Going Gluten Free?
Food Safety FHC Health
Mike Parker

Wheat gets a bad rap in pop culture these days. It’s been blamed for everything from ‘wheat belly’ to ‘grain brain.’ One major culprit for the bruhaha is gluten, a protein present in a number of grains, including all kinds of wheat, rye, barley and ancient grains like spelt and farro. A small percentage of the American population, perhaps one to two percent, have celiac disease – an autoimmune form of gluten intolerance. An estimated 0.2-0.4 percent of the population don’t have celiac disease but do have some form of wheat allergy. And some experts suggest up to six percent of the population also suffers from a condition know ambiguously as non-celiac gluten sensitivity, or NCGS, but new studies are calling this estimate into question.

The increase in reported NCGS cases can be linked back to a double-blinded, randomized, and placebo-controlled study conducted in 2011 by researcher Peter Gibson, a professor of gastroenterology at Monash University in Melbourne, Australia. Gibson concluded from his study that gluten did indeed trigger gastrointestinal distress in patients without celiac disease. The report helped spur the demand for gluten-free products, resulting in a meteoric rise in sales of G-Free products to more than $15 billion in 2016.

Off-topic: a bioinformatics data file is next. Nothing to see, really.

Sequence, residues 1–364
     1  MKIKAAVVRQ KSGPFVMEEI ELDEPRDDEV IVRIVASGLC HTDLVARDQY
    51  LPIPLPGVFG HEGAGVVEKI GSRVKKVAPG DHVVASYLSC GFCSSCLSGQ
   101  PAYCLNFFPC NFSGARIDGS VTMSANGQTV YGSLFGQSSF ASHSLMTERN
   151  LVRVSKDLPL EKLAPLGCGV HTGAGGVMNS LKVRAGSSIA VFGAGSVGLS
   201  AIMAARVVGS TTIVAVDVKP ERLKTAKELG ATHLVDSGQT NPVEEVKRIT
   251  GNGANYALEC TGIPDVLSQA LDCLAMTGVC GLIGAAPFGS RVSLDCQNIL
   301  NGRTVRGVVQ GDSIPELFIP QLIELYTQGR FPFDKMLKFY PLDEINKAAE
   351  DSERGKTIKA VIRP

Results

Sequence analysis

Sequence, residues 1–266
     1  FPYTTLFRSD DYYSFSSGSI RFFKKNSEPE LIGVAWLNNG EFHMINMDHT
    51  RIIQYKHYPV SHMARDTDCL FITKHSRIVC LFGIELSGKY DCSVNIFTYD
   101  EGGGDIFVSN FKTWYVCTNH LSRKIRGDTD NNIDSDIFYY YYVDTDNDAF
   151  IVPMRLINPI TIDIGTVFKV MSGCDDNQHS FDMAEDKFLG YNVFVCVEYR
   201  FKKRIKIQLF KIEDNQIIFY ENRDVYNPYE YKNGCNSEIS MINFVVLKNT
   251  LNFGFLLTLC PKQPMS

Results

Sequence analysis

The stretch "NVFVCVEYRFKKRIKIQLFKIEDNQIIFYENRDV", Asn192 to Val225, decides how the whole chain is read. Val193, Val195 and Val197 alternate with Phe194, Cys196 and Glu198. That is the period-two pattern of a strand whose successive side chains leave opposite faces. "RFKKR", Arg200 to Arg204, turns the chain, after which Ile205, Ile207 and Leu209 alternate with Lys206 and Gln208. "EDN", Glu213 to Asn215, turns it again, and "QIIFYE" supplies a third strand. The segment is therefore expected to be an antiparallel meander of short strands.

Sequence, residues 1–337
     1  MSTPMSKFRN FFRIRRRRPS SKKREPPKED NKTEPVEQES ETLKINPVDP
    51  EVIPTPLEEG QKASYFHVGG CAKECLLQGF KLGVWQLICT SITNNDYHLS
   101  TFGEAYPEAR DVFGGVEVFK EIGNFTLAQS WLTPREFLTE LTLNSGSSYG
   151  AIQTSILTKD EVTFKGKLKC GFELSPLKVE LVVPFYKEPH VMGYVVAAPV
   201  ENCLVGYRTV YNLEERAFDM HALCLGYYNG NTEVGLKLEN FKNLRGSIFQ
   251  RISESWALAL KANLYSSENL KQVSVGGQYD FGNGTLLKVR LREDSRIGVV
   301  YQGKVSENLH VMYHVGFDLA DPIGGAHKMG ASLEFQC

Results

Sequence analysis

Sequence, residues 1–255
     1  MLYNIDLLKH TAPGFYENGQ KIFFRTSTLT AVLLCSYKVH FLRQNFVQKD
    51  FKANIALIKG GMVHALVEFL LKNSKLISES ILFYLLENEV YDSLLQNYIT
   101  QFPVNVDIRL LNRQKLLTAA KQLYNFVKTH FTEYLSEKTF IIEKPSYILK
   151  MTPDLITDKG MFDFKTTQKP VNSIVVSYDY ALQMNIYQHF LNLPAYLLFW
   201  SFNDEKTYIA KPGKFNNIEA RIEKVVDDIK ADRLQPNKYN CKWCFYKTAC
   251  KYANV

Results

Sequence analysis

But something troubled Gibson. He hadn’t found any specific reason that gluten should be triggering such reactions in his patients. Being a true scientist, Gibson went back to the drawing board and conducted another, more thorough, more rigorous, study.

Gibson discovered that following each treatment diet, subjects reported gastrointestinal symptoms including pain, bloating, nausea, and gas, regardless of whether the treatment diet included gluten or not. The results were the same, even when the the identical, non-gluten diet was served throughout the study. Gibson credited the reported symptoms to the so-called “nocebo effect,” the same reaction that prompts some people to get sick from wind turbines or cell phones. Since the study subjects were reporting gastrointestinal distress without any apparent physical cause, Gibson concluded that gluten wasn't the culprit. Instead, the cause appeared to be psychological. Participants expected the diets to make them sick, so they felt sick.

In a startling reversal, Gibson declared, “In contrast to our first study… we could find absolutely no specific response to gluten."

There are a number of triggers for gastrointestinal distress, and gluten may only be responsible in a tiny percentage of cases. Gibson’s study and others like it indicate the rise in non-celiac gluten sensitivity may be driven more by consumers and commercial interests, than quality scientific research.

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